15 Oct 2007 lupus   » (Master)

Memory savings with magic trampolines in Mono

Mono is a JIT compiler and as such it compiles a method only when needed: the moment the execution flow requires the method to execute. This mode of execution greatly improves startup time of applications and is implemented with a simple trick: when a method call is compiled, the generated native code can't transfer execution to the method's native code address, because it hasn't been compiled yet. Instead it will go through a magic trampoline: this chunk of code knows which method is going to be executed, so it will compile it and jump to the generated code.

The way the trampoline knows which method to compile is pretty simple: for each method a small specific trampoline is created that will pass the pointer to the method to execute to the real worker, the magic trampoline.

Different architectures implement this trampoline in different ways, but each with the aim to reduce its size: the reason is that many trampolines are generated and so they use quite a bit of memory.

Mono in svn has quite a few improvements in this area compared to mono 1.2.5 which was released just a few weeks ago. I'll try to detail the major changes below.

The first change is related to how the memory for the specific trampolines is allocated: this is executable memory so it is not allocated with malloc, but with a custom allocator, called Mono Code Manager. Since the code manager is used primarily for methods, it allocates chunks of memory that are aligned to multiples of 8 or 16 bytes depending on the architecture: this allows the cpu to fetch the instructions faster. But the specific trampolines are not performance critical (we'll spend lots of time JITting the method anyway), so they can tolerate a smaller alignment. Considering the fact that most trampolines are allocated one after the other and that in most architectures they are 10 or 12 bytes, this change alone saved about 25% of the memory used (they used to be aligned up to 16 bytes).

To give a rough idea of how many trampolines are generated I'll give a few examples:

  • MonoDevelop startup creates about 21 thousand trampolines
  • IronPython 2.0 running a benchmark creates about 17 thousand trampolines
  • an "hello, world" style program about 800
This change in the first case saved more than 80 KB of memory (plus about the same because reviewing the code allowed me to fix also a related overallocation issue).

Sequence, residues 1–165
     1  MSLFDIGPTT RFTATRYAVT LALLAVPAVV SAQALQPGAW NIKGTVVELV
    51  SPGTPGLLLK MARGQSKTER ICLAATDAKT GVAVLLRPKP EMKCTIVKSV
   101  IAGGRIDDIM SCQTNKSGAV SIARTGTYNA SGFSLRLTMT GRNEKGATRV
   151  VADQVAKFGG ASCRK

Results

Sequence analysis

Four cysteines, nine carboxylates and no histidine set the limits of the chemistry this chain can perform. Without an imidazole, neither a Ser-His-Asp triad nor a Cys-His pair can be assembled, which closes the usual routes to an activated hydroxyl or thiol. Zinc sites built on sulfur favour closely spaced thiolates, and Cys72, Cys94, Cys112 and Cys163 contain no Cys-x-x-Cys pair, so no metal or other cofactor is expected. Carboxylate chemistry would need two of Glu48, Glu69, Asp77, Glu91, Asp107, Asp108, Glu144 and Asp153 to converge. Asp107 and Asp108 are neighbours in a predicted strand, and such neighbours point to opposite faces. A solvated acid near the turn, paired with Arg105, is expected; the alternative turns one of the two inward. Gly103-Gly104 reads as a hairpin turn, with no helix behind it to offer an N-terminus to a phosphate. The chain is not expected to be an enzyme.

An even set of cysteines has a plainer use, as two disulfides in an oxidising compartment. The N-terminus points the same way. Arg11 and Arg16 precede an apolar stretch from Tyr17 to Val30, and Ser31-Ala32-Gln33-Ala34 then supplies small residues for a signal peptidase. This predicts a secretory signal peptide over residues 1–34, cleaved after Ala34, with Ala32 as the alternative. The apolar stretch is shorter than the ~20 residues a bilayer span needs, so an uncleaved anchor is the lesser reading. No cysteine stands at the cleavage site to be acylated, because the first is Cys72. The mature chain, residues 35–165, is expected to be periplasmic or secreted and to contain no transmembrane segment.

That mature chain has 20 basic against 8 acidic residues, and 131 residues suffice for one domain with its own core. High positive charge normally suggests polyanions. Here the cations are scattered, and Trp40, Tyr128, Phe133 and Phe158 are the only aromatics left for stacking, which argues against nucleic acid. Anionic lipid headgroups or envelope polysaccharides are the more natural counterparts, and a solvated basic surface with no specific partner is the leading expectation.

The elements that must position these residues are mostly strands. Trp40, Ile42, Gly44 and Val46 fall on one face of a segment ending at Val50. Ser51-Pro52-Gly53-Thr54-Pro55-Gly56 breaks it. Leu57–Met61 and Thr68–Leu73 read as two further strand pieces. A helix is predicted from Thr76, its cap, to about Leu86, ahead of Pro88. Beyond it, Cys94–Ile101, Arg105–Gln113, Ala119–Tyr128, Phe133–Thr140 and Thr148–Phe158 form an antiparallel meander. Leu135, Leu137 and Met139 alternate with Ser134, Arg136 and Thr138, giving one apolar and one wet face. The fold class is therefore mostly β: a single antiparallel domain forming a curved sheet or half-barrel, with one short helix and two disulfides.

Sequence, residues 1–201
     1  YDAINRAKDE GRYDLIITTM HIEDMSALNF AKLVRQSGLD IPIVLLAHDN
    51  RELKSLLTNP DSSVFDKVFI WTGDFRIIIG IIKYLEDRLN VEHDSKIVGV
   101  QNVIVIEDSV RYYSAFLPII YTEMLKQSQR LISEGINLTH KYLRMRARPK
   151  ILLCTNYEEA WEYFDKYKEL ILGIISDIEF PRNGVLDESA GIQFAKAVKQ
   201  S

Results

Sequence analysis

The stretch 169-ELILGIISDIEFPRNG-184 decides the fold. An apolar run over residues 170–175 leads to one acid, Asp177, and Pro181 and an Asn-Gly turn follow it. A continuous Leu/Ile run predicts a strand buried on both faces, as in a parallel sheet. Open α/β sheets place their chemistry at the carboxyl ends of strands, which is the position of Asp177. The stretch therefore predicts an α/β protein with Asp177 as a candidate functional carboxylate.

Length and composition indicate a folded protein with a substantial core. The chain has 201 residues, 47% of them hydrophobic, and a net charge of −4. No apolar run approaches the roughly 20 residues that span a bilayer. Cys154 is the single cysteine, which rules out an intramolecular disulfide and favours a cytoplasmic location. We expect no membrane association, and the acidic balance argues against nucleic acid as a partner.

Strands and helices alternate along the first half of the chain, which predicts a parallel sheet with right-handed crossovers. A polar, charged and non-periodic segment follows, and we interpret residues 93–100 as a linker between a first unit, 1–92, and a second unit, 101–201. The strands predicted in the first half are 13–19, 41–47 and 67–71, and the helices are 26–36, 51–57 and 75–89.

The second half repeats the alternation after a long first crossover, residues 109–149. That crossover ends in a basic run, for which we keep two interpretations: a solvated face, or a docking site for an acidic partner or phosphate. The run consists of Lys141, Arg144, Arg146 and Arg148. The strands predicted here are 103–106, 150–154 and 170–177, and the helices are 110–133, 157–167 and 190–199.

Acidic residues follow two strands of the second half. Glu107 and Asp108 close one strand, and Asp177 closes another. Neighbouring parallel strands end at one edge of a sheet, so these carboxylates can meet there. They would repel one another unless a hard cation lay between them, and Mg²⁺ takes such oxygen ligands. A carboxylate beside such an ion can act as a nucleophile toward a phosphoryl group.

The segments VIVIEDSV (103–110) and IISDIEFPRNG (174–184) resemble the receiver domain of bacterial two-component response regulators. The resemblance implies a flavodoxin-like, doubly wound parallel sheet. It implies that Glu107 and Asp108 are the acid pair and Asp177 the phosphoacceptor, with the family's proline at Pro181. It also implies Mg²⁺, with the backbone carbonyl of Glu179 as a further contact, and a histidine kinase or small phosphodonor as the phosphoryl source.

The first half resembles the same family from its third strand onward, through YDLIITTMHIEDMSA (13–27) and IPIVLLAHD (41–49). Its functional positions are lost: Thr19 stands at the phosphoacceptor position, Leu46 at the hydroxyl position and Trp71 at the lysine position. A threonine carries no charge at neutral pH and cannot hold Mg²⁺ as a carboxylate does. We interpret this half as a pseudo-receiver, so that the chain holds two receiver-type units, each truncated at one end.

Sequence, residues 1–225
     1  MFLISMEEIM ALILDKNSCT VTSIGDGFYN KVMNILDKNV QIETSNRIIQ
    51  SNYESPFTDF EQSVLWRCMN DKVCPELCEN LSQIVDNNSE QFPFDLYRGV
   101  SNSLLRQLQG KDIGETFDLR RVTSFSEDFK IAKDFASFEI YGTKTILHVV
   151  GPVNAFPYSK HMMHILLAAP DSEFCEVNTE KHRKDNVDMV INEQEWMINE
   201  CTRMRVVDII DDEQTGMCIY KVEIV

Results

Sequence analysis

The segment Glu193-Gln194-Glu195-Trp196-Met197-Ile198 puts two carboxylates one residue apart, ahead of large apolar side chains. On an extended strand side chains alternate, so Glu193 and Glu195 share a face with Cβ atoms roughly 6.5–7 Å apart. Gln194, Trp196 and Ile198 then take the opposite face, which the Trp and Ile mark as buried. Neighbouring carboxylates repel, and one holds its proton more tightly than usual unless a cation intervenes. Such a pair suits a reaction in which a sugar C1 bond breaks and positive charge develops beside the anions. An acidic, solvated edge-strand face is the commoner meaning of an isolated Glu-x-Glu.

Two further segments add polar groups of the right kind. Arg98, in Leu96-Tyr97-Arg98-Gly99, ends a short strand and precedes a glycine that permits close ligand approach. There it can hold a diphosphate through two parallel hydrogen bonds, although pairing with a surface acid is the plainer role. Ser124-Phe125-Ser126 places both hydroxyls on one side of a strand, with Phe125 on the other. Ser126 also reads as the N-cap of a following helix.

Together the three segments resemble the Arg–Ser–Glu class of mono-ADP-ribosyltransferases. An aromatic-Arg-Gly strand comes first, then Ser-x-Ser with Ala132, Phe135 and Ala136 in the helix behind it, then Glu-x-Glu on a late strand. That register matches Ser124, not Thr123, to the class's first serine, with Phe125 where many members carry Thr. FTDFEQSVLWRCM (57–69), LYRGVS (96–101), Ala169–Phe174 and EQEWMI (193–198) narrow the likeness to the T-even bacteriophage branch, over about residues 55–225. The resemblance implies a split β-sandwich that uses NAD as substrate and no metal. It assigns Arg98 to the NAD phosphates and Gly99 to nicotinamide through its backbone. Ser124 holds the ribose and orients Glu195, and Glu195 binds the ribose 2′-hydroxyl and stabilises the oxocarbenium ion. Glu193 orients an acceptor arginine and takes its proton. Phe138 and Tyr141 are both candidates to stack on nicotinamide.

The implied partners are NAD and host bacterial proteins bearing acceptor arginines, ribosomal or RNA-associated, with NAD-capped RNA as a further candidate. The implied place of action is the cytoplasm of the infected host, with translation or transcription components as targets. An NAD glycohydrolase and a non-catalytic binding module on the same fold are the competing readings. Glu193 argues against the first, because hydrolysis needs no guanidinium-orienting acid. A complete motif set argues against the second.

So reducing the size of the trampolines is great, but it's really not possible to reduce them much further in size, if at all. The next step is trying just not to create them.
There are two primary ways a trampoline is generated: a direct call to the method is made or a virtual table slot is filled with a trampoline for the case when the method is invoked using a virtual call. I'll note here than in both cases, after compiling the method, the magic trampoline will do the needed changes so that the trampoline is not executed again, but execution goes directly to the newly compiled code. In one case the callsite is changed so that the branch or call instruction will transfer control to the new address. In the virtual call case the magic trampoline will change the virtual table slot directly.

The sequence of instructions used by the JIT to implement a virtual call are well-known and the magic trampoline (inspecting the registers and the code sequence) can easily get the virtual table slot that was used for the invocation. The idea here then is: if we know the virtual table slot we know also the method that is supposed to be compiled and executed, since each vtable slot is assigned a unique method by the class loader. This simple fact allows us to use a completely generic trampoline in the virtual table slots, avoiding the creation of many method-specific trampolines.

In the cases above, the number of generated trampolines goes from 21000 to 7700 for MonoDevelop (saving 160 KB of memory), from 17000 to 5400 for the IronPython case and from 800 to 150 for the hello world case.

I'll describe more optimizations (both already committed and forthcoming) in the next blog posts.

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